The cluster or open space zoning ordinance of South Brunswick Township was adopted as No. 19-62, an amendment to the zoning ordinance of 1958. Its main pertinent provisions are as follows:
"Section 2. The purpose of this subsection is to provide a method of development of residential land which will nevertheless preserve desirable open spaces, school sites, recreation and park areas and lands for other public purposes.
Section 3. At the discretion of the Planning Board, a subdivider may be allowed to reduce the minimum lot size and dimension requirements in accordance with the provisions of this Ordinance, provided the following conditions are met:
(a) The resulting net lot density of the area to be subdivided shall be no greater than the net lot density of the said area without regard to the provisions of this Ordinance.
(b) All lands within the subdivision other than streets, building lots and private recreational areas shall be deeded to the Township for public purposes simultaneously with the granting of final subdivision approval.
(c) The lands to be deeded for public purposes shall be located, shaped and improved as required by the Planning Board, which shall
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consider the suitability, physical condition and location of the lands with regard to its proposed uses and to the needs of the Township, in reaching its determination. The Planning Board shall, prior to reaching its determination, cause at least one of its members to confer with the Board of Education, Recreation Commission, Shade Tree Commission, Municipal Utilities Authority, Engineer and other interested municipal agencies as to the potential uses and advisability of accepting the lands offered to be donated.
(d) A portion of the land to be donated for public purposes shall be at least a usable single five acre tract.
(e) With the exception of minimum lot sizes and lot dimension requirements, the subdivision must comply with all other provisions of the Zoning Ordinance, such as front, rear and side setbacks, size of buildings, etc.
(f) There must exist approved plans for public water and public sewer systems which shall be available to all lots in the subdivision prior to the issuance of any Certificates of Occupancy.
(g) A developer may apply to the Planning Board for permission to reduce lot sizes and donate lands to the Township in accordance with this Ordinance at any time prior to applying for final subdivision approval.
Section 4. If the tract to be subdivided is located in a zone which requires a minimum lot size of 20,000 square feet or less, the developer must donate, exclusive of open drainage water courses, 20% of the tract to the Township; if the tract to be subdivided is located in a zone which requires a minimum lot size in excess of 20,000 square feet, the developer must donate, exclusive of open drainage water courses, 30% of the tract to the Township. The area of the tract shall be determined from a certified outline survey submitted by the subdivider.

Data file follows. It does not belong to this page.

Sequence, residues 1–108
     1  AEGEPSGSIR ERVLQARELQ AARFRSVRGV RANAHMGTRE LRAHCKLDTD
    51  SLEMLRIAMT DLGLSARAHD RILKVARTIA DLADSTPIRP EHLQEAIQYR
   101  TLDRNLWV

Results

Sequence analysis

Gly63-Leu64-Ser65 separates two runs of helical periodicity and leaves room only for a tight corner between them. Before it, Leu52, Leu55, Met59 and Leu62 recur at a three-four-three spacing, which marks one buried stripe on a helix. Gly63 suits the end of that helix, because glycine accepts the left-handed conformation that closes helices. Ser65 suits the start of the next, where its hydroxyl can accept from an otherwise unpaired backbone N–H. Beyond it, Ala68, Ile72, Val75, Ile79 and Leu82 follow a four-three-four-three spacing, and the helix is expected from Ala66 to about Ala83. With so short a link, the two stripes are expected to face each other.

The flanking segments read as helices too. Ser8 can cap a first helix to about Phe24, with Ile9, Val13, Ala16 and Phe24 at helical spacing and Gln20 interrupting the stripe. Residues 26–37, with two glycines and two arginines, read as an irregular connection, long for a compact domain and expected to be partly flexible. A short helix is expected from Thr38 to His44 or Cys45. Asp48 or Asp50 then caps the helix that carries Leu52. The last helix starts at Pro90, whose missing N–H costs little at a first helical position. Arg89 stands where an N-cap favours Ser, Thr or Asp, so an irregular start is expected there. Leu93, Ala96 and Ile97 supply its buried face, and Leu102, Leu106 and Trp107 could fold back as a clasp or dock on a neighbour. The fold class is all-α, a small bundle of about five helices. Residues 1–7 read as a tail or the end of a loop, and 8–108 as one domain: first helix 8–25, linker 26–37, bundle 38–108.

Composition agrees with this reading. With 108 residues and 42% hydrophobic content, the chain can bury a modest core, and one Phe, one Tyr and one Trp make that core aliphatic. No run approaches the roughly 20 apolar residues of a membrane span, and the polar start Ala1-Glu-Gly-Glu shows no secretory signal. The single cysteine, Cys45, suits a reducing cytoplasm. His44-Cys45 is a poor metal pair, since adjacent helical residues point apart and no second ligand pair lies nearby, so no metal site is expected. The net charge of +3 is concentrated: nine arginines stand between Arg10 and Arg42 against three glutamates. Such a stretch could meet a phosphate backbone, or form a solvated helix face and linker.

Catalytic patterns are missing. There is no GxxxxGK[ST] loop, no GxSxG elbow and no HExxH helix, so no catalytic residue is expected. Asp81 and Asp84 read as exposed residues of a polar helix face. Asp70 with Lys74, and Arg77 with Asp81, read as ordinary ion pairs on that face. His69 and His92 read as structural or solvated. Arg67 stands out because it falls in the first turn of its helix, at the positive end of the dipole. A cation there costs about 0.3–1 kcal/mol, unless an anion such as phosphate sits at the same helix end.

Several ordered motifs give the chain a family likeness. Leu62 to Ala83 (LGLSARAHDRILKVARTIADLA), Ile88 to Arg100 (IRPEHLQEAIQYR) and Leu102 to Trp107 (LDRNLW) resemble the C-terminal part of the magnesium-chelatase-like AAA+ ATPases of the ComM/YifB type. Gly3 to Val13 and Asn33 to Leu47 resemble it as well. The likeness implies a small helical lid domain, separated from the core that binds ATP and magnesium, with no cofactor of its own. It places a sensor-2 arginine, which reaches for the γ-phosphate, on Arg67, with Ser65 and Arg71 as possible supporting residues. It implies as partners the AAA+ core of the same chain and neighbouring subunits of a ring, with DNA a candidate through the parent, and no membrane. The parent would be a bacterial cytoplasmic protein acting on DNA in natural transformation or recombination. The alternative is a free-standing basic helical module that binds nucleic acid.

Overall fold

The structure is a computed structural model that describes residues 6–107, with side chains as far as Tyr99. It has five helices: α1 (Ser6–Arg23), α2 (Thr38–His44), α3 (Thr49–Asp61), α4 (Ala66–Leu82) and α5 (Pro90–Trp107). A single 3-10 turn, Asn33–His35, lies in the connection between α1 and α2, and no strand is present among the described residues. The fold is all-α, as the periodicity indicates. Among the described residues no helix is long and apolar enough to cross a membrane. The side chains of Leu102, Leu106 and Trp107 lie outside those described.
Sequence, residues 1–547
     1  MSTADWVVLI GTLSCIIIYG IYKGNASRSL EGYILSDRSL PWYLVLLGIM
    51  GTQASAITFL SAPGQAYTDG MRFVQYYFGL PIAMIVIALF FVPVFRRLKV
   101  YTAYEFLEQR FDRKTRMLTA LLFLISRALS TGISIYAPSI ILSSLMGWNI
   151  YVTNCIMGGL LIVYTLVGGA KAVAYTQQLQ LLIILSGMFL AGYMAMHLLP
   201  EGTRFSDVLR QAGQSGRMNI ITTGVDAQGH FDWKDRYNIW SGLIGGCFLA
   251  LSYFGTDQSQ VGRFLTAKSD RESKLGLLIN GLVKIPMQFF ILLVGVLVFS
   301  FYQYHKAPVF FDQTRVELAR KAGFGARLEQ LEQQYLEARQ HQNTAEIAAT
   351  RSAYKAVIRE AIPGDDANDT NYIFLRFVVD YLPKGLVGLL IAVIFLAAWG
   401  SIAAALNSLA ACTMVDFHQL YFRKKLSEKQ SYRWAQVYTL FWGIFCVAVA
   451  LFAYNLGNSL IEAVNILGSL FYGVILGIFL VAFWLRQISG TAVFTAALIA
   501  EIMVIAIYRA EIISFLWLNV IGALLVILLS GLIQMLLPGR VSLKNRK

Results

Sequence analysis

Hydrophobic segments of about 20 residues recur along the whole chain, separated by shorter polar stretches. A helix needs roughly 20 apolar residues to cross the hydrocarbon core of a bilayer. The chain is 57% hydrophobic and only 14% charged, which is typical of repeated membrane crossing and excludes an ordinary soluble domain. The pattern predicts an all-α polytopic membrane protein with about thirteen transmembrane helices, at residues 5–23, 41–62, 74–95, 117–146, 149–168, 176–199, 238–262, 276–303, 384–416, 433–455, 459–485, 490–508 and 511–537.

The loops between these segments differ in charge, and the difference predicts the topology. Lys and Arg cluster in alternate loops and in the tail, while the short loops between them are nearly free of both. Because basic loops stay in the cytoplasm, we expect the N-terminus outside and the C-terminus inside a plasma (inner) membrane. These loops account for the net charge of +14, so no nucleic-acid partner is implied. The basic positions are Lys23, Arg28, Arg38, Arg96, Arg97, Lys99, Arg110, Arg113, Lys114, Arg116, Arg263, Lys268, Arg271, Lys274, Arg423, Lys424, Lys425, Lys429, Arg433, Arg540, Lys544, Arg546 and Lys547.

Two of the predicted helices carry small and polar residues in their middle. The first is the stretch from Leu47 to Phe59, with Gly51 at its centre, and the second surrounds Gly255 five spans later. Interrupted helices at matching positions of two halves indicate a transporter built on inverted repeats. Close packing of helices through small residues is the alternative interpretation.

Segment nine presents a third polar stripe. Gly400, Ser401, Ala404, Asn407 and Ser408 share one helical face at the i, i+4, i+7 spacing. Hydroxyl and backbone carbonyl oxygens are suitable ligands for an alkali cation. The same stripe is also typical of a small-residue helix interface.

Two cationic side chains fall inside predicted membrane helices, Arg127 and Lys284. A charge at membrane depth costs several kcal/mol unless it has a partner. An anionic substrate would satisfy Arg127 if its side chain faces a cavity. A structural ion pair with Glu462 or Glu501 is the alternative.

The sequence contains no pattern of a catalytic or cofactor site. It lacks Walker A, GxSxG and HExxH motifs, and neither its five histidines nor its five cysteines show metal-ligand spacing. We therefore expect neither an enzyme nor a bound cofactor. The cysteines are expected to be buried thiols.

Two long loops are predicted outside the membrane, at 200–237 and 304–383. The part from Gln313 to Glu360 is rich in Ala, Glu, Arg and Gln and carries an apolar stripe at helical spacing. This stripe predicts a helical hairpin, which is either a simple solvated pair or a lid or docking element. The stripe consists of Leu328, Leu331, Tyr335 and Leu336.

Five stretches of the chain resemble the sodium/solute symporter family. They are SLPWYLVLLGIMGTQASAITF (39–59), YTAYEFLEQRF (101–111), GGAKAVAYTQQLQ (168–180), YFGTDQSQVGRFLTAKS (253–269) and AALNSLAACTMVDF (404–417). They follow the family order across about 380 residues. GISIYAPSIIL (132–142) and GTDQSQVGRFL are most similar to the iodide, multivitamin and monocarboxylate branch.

Section 5. If the minimum lot size requirement of the tract to be subdivided be 20,000 square feet or less, the minimum lot size requirement shall be reduced 20% and the minimum frontage requirement shall be reduced 10%. If the minimum lot size requirement of the tract to be subdivided be in excess of 20,000 square feet, the minimum lot size requirement shall be reduced 30% and the minimum frontage requirement shall be reduced 20%."
A companion zoning ordinance amendment, No. 20-62, also challenged in this litigation, amplifies previous requirements concerning performance guarantees by developers to cover specifically improvements to lands to be deeded to the township for public purposes.
Cluster or density zoning should meet judicial sanction as an implementation of the zoning and planning power to deal with a current and increasing problem, large subdivisions in
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previously rural communities. The Legislature has vested municipalities with legislative power in the field of zoning and planning pursuant to N.J. Const. Art. IV, § VI, par. 2. By specific delegation from the Legislature in N.J.S.A. 40:55-30 a municipality may:
"* * * regulate and restrict the height, number of stories, and sizes of buildings, and other structures, the percentage of lot that may be occupied, the sizes of yards, courts, and other open spaces, the density of population, and the location and use and extent of use of buildings and structures and land for trade, industry, residence, or other purposes."